When she started researching for her essay about women who laid the foundation for the diverse and accepting country we live in today, Zeana was a bit unsure on what slant to take.
“In the beginning I was going to talk a bit about Rosemary Brown as well as another black politician and focus on political activists but I talked to a couple of my teachers, and one them brought up the point of talking about the community because it’s not always as talked about. People always talked about the big names but they actually forget about the people that are within their community.”
For third place winner, Wadia Forrester, said she feels very blessed to have been chosen as the top three.
She said she decided to write about Lincoln Alexander because she had heard about him and his legacy at school. “I felt compelled to write about him. I read his biography and I was very surprised. I said this is something that should be written about and that’s why I decided to write about him.”
The Grade 12 Oakville resident, who hopes to pursue studies in the Sciences, said her parents, who are from Jamaica, have always instill that education is the key to success. “I included in my essay that my parents have always emphasized the importance of getting a good education…. The essay is also about education, so I included in my essay, I always remember my dad would say ‘good things never come easy’,” she said.
Parents Rev. and Mrs Forrester are very proud of their daughter’s achievement. They say she has spent long hours compiling the essay, describing her as hard working, determined and disciplined.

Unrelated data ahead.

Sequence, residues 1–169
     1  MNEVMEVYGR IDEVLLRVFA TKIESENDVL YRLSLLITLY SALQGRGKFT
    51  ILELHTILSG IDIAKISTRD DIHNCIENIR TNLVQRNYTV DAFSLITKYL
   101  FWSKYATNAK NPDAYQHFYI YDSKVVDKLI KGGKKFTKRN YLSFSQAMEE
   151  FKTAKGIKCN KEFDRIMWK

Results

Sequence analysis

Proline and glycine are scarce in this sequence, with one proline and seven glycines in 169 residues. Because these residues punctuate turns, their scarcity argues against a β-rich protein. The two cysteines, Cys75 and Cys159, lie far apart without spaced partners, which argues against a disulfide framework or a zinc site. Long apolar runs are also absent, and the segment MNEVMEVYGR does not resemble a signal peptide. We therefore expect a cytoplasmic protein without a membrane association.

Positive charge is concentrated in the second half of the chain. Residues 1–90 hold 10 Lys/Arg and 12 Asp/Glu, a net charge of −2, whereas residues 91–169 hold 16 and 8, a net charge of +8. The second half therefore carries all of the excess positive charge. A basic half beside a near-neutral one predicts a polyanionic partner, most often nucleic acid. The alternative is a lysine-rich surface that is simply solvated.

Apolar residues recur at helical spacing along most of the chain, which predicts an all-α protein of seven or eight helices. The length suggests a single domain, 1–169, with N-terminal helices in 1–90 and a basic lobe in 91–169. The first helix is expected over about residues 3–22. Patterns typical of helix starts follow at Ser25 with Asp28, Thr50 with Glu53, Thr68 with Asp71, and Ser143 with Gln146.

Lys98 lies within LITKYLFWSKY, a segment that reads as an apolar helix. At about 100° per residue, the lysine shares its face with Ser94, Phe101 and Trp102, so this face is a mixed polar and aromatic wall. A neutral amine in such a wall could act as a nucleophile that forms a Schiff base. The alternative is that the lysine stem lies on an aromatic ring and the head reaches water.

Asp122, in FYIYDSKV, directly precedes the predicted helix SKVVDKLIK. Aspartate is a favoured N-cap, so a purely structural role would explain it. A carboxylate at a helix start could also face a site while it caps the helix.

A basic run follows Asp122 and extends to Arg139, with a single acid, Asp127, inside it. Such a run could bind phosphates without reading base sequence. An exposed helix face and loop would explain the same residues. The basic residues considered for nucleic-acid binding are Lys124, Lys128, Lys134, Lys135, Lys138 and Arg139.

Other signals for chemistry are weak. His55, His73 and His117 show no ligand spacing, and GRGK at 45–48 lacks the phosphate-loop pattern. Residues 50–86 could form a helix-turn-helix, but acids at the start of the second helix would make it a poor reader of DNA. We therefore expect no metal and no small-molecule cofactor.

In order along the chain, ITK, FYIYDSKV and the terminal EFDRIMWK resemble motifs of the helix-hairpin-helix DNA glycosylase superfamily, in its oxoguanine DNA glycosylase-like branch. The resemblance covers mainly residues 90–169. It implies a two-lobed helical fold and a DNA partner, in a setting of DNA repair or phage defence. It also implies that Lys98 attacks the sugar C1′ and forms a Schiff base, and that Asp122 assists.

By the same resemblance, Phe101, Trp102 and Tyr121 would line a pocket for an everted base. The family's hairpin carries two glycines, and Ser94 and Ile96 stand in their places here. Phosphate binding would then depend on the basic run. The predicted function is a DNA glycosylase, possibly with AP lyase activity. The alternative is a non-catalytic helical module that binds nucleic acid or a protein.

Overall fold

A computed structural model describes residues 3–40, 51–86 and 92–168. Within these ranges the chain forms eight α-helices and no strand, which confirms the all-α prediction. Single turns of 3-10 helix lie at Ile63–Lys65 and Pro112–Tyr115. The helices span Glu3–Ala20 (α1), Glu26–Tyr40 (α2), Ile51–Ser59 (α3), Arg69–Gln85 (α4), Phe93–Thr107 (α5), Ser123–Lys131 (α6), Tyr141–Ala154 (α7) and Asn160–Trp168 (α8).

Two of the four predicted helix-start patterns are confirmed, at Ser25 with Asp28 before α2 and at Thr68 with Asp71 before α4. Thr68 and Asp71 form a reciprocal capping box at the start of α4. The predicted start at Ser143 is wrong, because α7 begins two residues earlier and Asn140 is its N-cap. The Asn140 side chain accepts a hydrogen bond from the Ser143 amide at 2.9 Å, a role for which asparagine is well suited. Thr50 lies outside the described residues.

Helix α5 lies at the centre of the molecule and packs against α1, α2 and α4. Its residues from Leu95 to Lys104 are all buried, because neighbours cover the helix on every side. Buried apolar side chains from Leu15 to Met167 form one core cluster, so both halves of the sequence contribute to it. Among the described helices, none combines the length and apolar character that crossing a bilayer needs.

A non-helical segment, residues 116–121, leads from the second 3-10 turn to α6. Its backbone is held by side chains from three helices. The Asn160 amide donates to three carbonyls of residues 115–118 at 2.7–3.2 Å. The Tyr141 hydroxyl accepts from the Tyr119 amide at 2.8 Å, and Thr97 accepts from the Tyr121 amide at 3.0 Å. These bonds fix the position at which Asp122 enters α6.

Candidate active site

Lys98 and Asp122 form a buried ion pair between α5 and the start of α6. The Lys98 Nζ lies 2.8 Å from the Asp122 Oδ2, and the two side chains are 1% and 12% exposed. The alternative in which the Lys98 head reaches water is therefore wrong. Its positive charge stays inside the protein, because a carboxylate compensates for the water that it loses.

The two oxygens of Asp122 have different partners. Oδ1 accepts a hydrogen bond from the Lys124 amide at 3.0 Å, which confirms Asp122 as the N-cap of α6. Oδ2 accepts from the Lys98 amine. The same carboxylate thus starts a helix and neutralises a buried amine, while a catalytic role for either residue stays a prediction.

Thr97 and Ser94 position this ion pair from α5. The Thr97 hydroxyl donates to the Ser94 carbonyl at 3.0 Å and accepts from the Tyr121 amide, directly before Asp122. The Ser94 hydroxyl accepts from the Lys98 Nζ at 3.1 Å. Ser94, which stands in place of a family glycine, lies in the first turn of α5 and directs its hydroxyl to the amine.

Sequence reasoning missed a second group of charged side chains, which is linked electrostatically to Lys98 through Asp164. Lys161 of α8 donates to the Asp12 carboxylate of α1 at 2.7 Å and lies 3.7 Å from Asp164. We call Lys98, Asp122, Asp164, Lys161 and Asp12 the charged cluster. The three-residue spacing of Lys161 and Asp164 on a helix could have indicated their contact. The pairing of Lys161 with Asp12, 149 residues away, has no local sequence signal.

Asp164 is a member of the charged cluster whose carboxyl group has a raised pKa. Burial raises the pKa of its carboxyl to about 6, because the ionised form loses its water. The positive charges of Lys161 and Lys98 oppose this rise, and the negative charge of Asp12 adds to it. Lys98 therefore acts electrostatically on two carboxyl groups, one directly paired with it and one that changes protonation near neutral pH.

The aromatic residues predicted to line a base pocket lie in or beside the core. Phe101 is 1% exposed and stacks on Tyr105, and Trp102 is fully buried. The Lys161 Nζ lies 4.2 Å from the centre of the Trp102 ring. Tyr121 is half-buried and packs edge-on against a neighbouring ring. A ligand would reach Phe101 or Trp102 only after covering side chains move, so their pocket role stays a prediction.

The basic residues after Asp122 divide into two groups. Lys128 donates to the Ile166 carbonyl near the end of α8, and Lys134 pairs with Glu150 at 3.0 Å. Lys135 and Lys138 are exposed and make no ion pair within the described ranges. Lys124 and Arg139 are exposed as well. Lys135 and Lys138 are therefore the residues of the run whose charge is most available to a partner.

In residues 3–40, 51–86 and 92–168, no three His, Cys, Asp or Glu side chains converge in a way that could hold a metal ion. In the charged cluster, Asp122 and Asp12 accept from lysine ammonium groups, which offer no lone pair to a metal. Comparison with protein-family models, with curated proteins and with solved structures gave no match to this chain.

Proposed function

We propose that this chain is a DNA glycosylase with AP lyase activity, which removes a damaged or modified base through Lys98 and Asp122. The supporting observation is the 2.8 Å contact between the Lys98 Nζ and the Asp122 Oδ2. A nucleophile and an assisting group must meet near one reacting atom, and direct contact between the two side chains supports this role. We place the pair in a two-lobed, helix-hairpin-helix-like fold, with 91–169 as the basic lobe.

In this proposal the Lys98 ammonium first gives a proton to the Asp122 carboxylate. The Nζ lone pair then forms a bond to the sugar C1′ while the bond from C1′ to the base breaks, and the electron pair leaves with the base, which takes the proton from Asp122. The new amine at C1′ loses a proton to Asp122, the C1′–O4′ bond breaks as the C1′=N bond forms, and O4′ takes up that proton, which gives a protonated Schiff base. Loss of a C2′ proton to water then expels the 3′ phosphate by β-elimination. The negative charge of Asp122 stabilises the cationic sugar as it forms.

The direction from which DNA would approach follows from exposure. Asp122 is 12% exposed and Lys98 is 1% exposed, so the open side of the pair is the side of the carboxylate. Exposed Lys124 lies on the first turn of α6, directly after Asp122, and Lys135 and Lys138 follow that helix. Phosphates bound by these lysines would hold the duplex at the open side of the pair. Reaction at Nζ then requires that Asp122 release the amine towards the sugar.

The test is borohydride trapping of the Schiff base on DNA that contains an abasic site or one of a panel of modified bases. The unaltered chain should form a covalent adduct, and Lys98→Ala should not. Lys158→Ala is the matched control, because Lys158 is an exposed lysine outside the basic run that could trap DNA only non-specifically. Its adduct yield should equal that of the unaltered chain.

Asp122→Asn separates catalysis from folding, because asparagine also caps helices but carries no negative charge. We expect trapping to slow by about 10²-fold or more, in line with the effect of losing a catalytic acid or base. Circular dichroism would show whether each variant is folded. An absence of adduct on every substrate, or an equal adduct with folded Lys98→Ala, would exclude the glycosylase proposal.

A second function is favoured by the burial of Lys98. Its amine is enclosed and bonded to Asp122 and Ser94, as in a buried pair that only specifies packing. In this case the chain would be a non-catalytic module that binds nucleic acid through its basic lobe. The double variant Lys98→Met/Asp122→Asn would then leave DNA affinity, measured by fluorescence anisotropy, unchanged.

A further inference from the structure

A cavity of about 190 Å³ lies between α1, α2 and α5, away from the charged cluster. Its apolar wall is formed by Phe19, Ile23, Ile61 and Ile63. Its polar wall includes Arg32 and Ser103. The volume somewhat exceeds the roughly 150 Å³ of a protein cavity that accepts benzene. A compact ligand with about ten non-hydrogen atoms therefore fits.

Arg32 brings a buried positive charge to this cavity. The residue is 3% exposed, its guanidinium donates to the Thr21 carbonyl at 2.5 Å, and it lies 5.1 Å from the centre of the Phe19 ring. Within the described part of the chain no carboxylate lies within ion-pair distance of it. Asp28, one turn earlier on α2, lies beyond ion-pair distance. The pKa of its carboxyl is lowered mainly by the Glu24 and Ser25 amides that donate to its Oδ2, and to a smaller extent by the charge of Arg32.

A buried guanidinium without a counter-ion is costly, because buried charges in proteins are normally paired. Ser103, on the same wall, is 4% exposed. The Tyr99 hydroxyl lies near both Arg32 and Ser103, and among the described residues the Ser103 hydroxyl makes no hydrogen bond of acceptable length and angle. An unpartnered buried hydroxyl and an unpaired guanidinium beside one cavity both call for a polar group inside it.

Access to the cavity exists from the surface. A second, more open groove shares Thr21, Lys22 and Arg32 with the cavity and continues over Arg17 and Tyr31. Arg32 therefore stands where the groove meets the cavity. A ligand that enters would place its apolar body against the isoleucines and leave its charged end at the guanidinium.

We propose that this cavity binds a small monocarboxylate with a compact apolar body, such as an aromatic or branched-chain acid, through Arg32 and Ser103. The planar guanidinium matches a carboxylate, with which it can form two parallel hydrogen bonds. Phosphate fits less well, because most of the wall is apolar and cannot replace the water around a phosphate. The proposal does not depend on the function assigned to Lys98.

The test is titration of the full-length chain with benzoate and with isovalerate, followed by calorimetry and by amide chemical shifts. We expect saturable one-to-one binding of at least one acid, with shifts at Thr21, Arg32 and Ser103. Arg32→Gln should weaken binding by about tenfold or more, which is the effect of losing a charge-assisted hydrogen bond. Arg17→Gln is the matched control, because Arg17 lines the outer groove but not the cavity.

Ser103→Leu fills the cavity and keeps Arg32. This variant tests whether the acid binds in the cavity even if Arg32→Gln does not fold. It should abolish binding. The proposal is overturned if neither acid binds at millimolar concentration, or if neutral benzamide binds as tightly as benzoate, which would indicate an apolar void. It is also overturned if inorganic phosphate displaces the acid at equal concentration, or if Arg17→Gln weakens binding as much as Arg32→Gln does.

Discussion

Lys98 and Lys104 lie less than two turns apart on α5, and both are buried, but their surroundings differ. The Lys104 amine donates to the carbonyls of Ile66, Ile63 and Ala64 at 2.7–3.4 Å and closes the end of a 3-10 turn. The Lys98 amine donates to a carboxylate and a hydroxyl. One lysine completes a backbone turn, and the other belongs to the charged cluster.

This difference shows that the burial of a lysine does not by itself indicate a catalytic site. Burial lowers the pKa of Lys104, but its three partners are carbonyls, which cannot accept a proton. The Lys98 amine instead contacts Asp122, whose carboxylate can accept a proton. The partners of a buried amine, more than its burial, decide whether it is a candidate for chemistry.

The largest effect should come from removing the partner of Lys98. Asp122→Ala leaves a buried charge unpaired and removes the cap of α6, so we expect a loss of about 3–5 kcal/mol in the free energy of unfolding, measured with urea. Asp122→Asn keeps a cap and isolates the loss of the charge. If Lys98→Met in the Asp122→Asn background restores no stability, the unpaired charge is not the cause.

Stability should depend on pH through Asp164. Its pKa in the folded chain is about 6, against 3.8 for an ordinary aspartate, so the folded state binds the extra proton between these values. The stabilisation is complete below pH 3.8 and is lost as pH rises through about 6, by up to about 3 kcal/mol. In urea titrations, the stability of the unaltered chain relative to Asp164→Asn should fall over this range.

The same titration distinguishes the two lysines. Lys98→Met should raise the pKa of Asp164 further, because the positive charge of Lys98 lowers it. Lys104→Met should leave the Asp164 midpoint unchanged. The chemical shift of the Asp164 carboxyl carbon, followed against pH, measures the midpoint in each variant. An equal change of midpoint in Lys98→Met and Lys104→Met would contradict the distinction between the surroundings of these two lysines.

Wadia’s father said anyone can succeed regardless of race. “Once you work hard and with diligence, there’s an opportunity out there for you and you can ascribe that opportunity.” He strongly believes that brings rewards, “as an educator myself, I always enforce that that’s done.”
Mrs Forrester, wants the best for Wadia and believes that “knowledge is power and no matter where you go, you’ll be respected for that.”
The judges had their work cut out. OPP Inspector Rohan Thompson told The Camera “It was very tough decisions because these young kids are very bright. Their stories were compelling and well written. At the end of the day, we had to make a decision. We thought in terms of educational value thought, this really went back into history and brought it forward so I think that really added a lot of some really good perspective.”
The winning entries had to show added value to the Canadian society. “For myself, it definitely was a learning experience. It was so great to see the stories that these kids were able to research and put together. It’s obviously they would need that skills set going into university next year, so it was great to see that.”
Another judge CBC New Anchor, Dwight Drummond said: “It was difficult because the top 10 were really good and they were really close together. For me, what you’re looking for is good grammar, you’re looking for a good story and you’re looking for them to really tie in what Black history month is all about. I felt that the top three winners really encapsulated that, they really captured it but it wasn’t easy. It was very really difficult to pick. For me, it was hearten to see these young people celebrating Black history, African history, Caribbean history. I’m always happen when young people are studying, researching and writing about the history because that’s what keeps it alive.”
He added it was a tough decision to pick the top three. “I’m not sure we were all in agreement but at the end of the day it was a consensus thing.”